Don’t Neglect Local News: Arab media have transformed themselves in the last decade. Ten years ago, Arabs had no alternative to state–controlled television. Today, many if not most Arabs have access to dozens of satellite stations from around the globe. Al Jazeera, Al Arabiya, the Lebanese Broadcasting Corporation, the Middle East Broadcasting Centre, and Hezbollah’s Al Manar are just a few of the 200–odd stations available. These stations are spread along a wide political and cultural spectrum, but they are all pan–Arab and cater to an audience interested in pan–Arab political, cultural, and entertainment programming. You obviously cannot ignore these outlets, but keep in mind that they often downplay and misread local news and politics.

Local television is a promising alternative. Loyalty to any particular network is weak in the new Arab media environment, and local stations are becoming bolder and more relevant. Local media offer a route that bypasses the often rigid and unbalanced perspectives of the regional networks. Lebanon is a case in point. In the wake of former Prime Minister Rafik Hariri’s assassination in February, the pan–Arab networks focused on a predictable storyline — Syria’s being cornered by Europe and the United States. Most local channels in Lebanon, by contrast, showed the population struggling for free and fair elections without outside interference. Unfortunately, U.S. public diplomacy has almost entirely neglected local television in the Arab world. Addressing that neglect should be one of your most urgent priorities.

Sponsor Arab Oprahs: One of the Bush administration’s signature initiatives in public diplomacy is Alhurra, a U.S.–sponsored television network targeted at the Arab world. Media ratings are notoriously unreliable in Arab countries, but those that are available suggest that Alhurra is foundering. In a poll conducted last year, Alhurra scored poorly as a primary source of news, and only 2.3 percent said it was a secondary source. Al Jazeera ranked first, with 52 percent.

Don’t expect Alhurra to compete with Al Jazeera for evening news. Instead, Alhurra should focus on other programming, including Free Hour, the talk show hosted by television personality Ziad Noujeim and others, that addresses controversial issues, both within the United States and the Arab world. Recent discussions have included the role of Islam in politics, the Syrian regime, and religious education. This talk–show format exists on other stations, but Alhurra is particularly bold in inviting people from all sides to join the debate. A sign the show is succeeding is the quality of people who now appear on the program. Initially, anti–American politicians and religious figures shied away from the U.S.–funded network. Today, that has changed. And if the participants are interesting, people will watch, whatever their initial misgivings about the network.

Alhurra should continue to diversify its content. A colleague of mine recently proposed airing a reality show that over a period of 13 weeks would choose the best Arab political "candidate." The idea was to select 12 people from different Arab countries between the ages of 20 to 30. Each would be selected for their ability to give speeches, perform community service, generate funds from sponsors for worthwhile causes, and answer political and social questions from a journalist. One person would be voted off the show every week, until they were left with the best Arab candidate. The show would have been a hit, and Alhurra should have jumped at the offer. An administration interested in Arab regime change should be particularly keen on a program that shows people being voted out, after all.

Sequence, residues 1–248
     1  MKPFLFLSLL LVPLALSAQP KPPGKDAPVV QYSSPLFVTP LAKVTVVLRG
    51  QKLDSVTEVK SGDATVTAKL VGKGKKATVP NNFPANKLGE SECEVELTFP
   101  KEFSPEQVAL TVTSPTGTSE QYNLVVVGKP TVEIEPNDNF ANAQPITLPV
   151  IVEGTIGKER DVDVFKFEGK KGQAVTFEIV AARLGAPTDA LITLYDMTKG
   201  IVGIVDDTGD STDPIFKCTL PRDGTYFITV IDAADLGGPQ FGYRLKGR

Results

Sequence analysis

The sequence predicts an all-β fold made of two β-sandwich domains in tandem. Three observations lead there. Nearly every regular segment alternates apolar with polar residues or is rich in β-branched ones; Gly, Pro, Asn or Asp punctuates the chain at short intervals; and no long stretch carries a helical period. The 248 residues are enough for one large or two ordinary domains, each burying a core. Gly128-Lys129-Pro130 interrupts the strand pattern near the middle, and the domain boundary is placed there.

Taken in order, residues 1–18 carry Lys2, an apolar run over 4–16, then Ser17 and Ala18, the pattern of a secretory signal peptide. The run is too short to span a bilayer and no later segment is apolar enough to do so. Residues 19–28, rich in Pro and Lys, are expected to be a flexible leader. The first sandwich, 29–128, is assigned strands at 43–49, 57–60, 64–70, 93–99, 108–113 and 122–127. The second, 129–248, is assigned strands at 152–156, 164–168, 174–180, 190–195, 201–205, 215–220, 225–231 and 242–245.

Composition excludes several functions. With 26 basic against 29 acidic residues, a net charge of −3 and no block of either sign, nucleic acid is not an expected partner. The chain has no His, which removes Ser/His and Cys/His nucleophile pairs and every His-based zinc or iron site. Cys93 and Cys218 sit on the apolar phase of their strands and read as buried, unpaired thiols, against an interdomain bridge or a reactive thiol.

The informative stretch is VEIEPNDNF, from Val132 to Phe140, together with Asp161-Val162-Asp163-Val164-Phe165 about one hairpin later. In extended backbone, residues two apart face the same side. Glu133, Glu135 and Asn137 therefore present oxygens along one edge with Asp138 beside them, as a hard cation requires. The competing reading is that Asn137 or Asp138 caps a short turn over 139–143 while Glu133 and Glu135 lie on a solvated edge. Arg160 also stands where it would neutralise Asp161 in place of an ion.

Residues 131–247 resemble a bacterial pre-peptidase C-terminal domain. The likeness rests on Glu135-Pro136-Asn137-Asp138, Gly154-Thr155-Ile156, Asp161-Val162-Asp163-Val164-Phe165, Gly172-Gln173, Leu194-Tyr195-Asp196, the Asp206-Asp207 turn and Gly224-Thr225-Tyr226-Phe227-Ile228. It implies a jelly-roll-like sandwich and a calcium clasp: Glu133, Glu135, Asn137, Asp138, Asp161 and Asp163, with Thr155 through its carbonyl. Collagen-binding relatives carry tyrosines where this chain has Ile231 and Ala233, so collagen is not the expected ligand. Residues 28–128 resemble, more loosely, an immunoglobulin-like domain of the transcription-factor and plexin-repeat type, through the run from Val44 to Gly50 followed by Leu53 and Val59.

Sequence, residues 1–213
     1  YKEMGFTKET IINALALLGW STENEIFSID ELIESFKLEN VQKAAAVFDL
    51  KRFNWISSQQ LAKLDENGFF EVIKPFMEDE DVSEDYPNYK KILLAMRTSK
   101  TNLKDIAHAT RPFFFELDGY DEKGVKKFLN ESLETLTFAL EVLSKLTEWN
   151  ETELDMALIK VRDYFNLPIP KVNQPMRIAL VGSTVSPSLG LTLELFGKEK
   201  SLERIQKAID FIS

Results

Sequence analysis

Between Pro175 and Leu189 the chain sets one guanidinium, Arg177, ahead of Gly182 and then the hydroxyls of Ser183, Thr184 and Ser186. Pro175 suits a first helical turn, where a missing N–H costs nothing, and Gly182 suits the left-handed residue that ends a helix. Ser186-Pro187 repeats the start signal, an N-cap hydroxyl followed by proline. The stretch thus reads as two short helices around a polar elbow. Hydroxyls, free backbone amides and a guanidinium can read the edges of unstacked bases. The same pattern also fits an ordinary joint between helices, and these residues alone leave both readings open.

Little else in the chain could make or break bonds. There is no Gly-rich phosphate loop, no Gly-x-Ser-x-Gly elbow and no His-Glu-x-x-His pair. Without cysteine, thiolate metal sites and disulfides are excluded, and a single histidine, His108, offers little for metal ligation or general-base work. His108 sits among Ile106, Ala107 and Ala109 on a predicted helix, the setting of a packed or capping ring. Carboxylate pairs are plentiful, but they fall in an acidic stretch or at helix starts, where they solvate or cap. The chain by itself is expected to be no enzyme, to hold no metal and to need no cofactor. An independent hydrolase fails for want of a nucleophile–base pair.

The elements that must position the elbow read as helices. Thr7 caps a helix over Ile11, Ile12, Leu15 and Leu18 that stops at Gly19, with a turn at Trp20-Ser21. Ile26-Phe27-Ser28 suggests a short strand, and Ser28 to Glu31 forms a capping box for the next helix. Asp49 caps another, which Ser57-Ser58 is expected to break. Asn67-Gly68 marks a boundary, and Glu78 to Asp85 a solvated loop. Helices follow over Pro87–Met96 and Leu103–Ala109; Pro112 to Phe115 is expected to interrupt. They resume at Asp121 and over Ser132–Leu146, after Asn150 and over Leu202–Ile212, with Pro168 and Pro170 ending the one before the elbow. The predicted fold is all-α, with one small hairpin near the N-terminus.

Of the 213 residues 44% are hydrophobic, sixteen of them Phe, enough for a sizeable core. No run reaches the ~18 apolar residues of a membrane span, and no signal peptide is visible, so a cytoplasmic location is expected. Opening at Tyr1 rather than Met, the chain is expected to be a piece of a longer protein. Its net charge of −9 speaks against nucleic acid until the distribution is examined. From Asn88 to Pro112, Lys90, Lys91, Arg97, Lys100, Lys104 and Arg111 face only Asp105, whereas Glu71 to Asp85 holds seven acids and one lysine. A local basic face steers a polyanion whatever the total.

Capitalize on Michael Moore: When I lived in the United States, one of the aspects of American society that fascinated me most was the diversity of opinions on all subjects and the dynamism of public debate. Most Arabs live in societies where popular expression, other than in support of the government’s agenda, is almost nonexistent. The Arab world generally sees only the results of American political debates in the form of U.S. government policy. But Arabs love to watch Michael Moore’s Fahrenheit 9/11, or hear actor Sean Penn rail against the war in Iraq, or read that a senator or congressperson argued in favor of a more equitable policy in the Middle East. This dynamic, and its electoral and social complexities, is not sufficiently advertised outside the United States. Try a hard-hitting documentary on the 2004 U.S. election. Odd as it may seem, your office should take pride in making opposition to its policies known. It’s one of the beauties of the American system.

Mind the Messenger: Find charismatic speakers to be on television. Stuffed-shirt officials will not win hearts and minds, however profound their thoughts. If the speakers are fluent in Arabic, all the better. But the most important thing is that they be affable and comfortable talking to Arabs. Many U.S. officials seem unsure of how to deal with their audiences and more concerned about what people in the State Department will think of them than about genuinely engaging with viewers. Former Deputy Secretary of State Richard Armitage, for example, had a folksy style that translated well on Arab television; State Department official for near eastern affairs David Satterfield does not. The way to engage an Arab audience is to be close to it in spirit. Much is made of the fact that American viewers fail to connect to Arabs on TV because of their accents, the way they dress, their beards, and because they are too passionate. The same applies the other way around. Americans do not need to wear kaffiyehs, but they should at least be agreeable. Humanizing your spokespeople will help get people to listen.